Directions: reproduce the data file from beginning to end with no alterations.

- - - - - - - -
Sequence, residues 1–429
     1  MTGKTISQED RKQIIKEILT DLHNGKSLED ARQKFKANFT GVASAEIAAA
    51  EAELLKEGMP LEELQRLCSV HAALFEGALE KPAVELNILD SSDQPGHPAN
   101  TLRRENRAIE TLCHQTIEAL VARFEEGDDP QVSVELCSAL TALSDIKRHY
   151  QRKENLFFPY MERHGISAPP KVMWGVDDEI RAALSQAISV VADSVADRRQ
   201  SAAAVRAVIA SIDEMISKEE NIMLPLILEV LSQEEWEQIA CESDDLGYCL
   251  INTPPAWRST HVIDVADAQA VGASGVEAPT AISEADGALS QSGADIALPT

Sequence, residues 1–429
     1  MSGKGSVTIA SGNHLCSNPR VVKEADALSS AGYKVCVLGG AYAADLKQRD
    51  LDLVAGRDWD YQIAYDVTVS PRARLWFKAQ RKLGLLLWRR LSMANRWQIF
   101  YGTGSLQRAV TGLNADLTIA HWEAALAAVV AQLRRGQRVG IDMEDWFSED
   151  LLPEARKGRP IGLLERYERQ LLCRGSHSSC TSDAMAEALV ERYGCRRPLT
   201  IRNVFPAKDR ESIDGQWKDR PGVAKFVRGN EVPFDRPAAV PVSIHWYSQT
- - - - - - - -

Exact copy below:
Sequence, residues 1–429
     1  MTGKTISQED RKQIIKEILT DLHNGKSLED ARQKFKANFT GVASAEIAAA
    51  EAELLKEGMP LEELQRLCSV HAALFEGALE KPAVELNILD SSDQPGHPAN
   101  TLRRENRAIE TLCHQTIEAL VARFEEGDDP QVSVELCSAL TALSDIKRHY
   151  QRKENLFFPY MERHGISAPP KVMWGVDDEI RAALSQAISV VADSVADRRQ
   201  SAAAVRAVIA SIDEMISKEE NIMLPLILEV LSQEEWEQIA CESDDLGYCL
   251  INTPPAWRST HVIDVADAQA VGASGVEAPT AISEADGALS QSGADIALPT

Sequence, residues 1–429
     1  MSGKGSVTIA SGNHLCSNPR VVKEADALSS AGYKVCVLGG AYAADLKQRD
    51  LDLVAGRDWD YQIAYDVTVS PRARLWFKAQ RKLGLLLWRR LSMANRWQIF
   101  YGTGSLQRAV TGLNADLTIA HWEAALAAVV AQLRRGQRVG IDMEDWFSED
   151  LLPEARKGRP IGLLERYERQ LLCRGSHSSC TSDAMAEALV ERYGCRRPLT
   201  IRNVFPAKDR ESIDGQWKDR PGVAKFVRGN EVPFDRPAAV PVSIHWYSQT